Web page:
A 'crazy' idea from 70-year-old Betsy Smith amidst the lack of an automated federal response sparked the effort: "Rather than just donate money....donate $120 to pay an unemployed person $15 an hour for an 8-hour day's work helping with the cleanup effort."Read more
Former students like Patty Popp credit JobPath for helping them bridge the gap between minimum wage work and a living wage career. After training for an associate's degree in radiologic technology, she kept on advancing to her current position as Director of Clinical Operations at Radiology Limited. Her story can be read in the first article below.Read more
Thanks to the intervention of COPS / Metro Alliance leaders that stood with San Antonio Independent School District (SAISD)'s lowest paid workers and the San Antonio Alliance of Teachers and Support Personnel, the SAISD Board unanimously approved a wage increase of 20% for the district's lowest paid , from $10/hour to $12/hour.Read more
Cafeteria manager Vanita Rodriguez spoke on behalf of her employees, revealing that every one she works with holds down at least two jobs to make ends meet. As the parent of 7 and the grandparent of 24, most of which are SAISD students, she knows that poverty hampers children's capacity to learn. COPS/Metro joined forces with the San Antonio Alliance of Teachers and Support Personnel to raise this issue with the School Board and met with all 7 trustees prior to the board meeting.Read more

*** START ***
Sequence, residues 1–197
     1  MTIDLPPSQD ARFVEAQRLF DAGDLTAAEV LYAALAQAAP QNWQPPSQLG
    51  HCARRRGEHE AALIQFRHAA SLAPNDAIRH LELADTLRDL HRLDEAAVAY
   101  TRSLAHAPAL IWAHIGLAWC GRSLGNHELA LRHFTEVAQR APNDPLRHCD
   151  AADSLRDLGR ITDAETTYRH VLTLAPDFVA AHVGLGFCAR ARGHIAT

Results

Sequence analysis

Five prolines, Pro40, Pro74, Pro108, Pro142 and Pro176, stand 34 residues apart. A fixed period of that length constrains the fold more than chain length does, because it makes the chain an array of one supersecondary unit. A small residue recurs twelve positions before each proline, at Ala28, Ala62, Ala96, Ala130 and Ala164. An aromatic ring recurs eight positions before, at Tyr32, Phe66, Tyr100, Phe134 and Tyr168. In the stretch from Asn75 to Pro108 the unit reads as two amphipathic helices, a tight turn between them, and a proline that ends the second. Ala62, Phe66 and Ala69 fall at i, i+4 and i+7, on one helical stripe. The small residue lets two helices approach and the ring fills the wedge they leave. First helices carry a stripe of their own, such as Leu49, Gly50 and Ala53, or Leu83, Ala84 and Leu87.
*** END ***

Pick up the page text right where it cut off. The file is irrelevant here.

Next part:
An economic impact study examined almost 400 people who graduated from JobPath in the last five years to track their progress. They found that the vast majority of people who graduated from JobPath still have a job five years later in the Tucson area, and that many have tripled or even quadrupled their pre-training wage.
Said Applied Economics researcher Sarah Murley, "That is a huge increase over a relatively short period of time." JobPath was established by Pima County Interfaith as part of a multi-pronged living wage strategy.Read more
More background here, Spokane Alliance
After collective bargaining with the city manager stalled, the police officers union asked The Border Organization (TBO) for help. Politicizing the issue of police pensions and wages, police union firefighters and TBO leaders targeted the City Council, meeting with individual members to line up the four votes they needed. On the day of the vote, police, firefighter, cafeteria worker and TBO congregational leaders piled into the chambers. After a two hour debate, the council unanimously voted to increase city retirement matches on police and firefighter pensions, maintain previously promised step increases, AND increase all city worker wages by 2%!Read more